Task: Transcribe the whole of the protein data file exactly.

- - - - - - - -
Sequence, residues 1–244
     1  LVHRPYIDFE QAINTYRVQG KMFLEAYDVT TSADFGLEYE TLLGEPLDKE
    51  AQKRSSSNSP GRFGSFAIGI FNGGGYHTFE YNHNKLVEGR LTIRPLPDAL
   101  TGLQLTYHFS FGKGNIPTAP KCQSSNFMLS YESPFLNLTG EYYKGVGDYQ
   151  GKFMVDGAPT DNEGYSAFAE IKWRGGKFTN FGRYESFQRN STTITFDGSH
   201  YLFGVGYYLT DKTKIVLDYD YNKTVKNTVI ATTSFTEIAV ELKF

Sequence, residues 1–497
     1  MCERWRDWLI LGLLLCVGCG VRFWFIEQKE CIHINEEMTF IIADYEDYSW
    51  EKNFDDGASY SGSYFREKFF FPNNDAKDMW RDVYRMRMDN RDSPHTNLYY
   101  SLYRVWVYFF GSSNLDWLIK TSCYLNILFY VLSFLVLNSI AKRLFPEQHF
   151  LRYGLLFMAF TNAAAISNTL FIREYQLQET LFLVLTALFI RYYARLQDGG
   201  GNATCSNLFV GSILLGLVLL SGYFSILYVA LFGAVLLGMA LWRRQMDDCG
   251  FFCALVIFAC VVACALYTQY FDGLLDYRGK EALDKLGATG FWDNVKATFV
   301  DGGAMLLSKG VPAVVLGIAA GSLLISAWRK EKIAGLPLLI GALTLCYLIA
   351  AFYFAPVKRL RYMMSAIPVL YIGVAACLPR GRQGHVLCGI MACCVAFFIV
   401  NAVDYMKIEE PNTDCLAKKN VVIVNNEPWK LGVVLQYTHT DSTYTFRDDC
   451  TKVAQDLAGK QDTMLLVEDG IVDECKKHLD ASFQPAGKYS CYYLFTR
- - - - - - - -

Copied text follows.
Sequence, residues 1–244
     1  LVHRPYIDFE QAINTYRVQG KMFLEAYDVT TSADFGLEYE TLLGEPLDKE
    51  AQKRSSSNSP GRFGSFAIGI FNGGGYHTFE YNHNKLVEGR LTIRPLPDAL
   101  TGLQLTYHFS FGKGNIPTAP KCQSSNFMLS YESPFLNLTG EYYKGVGDYQ
   151  GKFMVDGAPT DNEGYSAFAE IKWRGGKFTN FGRYESFQRN STTITFDGSH
   201  YLFGVGYYLT DKTKIVLDYD YNKTVKNTVI ATTSFTEIAV ELKF

Sequence, residues 1–497
     1  MCERWRDWLI LGLLLCVGCG VRFWFIEQKE CIHINEEMTF IIADYEDYSW
    51  EKNFDDGASY SGSYFREKFF FPNNDAKDMW RDVYRMRMDN RDSPHTNLYY
   101  SLYRVWVYFF GSSNLDWLIK TSCYLNILFY VLSFLVLNSI AKRLFPEQHF
   151  LRYGLLFMAF TNAAAISNTL FIREYQLQET LFLVLTALFI RYYARLQDGG
   201  GNATCSNLFV GSILLGLVLL SGYFSILYVA LFGAVLLGMA LWRRQMDDCG
   251  FFCALVIFAC VVACALYTQY FDGLLDYRGK EALDKLGATG FWDNVKATFV
   301  DGGAMLLSKG VPAVVLGIAA GSLLISAWRK EKIAGLPLLI GALTLCYLIA
   351  AFYFAPVKRL RYMMSAIPVL YIGVAACLPR GRQGHVLCGI MACCVAFFIV
   401  NAVDYMKIEE PNTDCLAKKN VVIVNNEPWK LGVVLQYTHT DSTYTFRDDC
   451  TKVAQDLAGK QDTMLLVEDG IVDECKKHLD ASFQPAGKYS CYYLFTR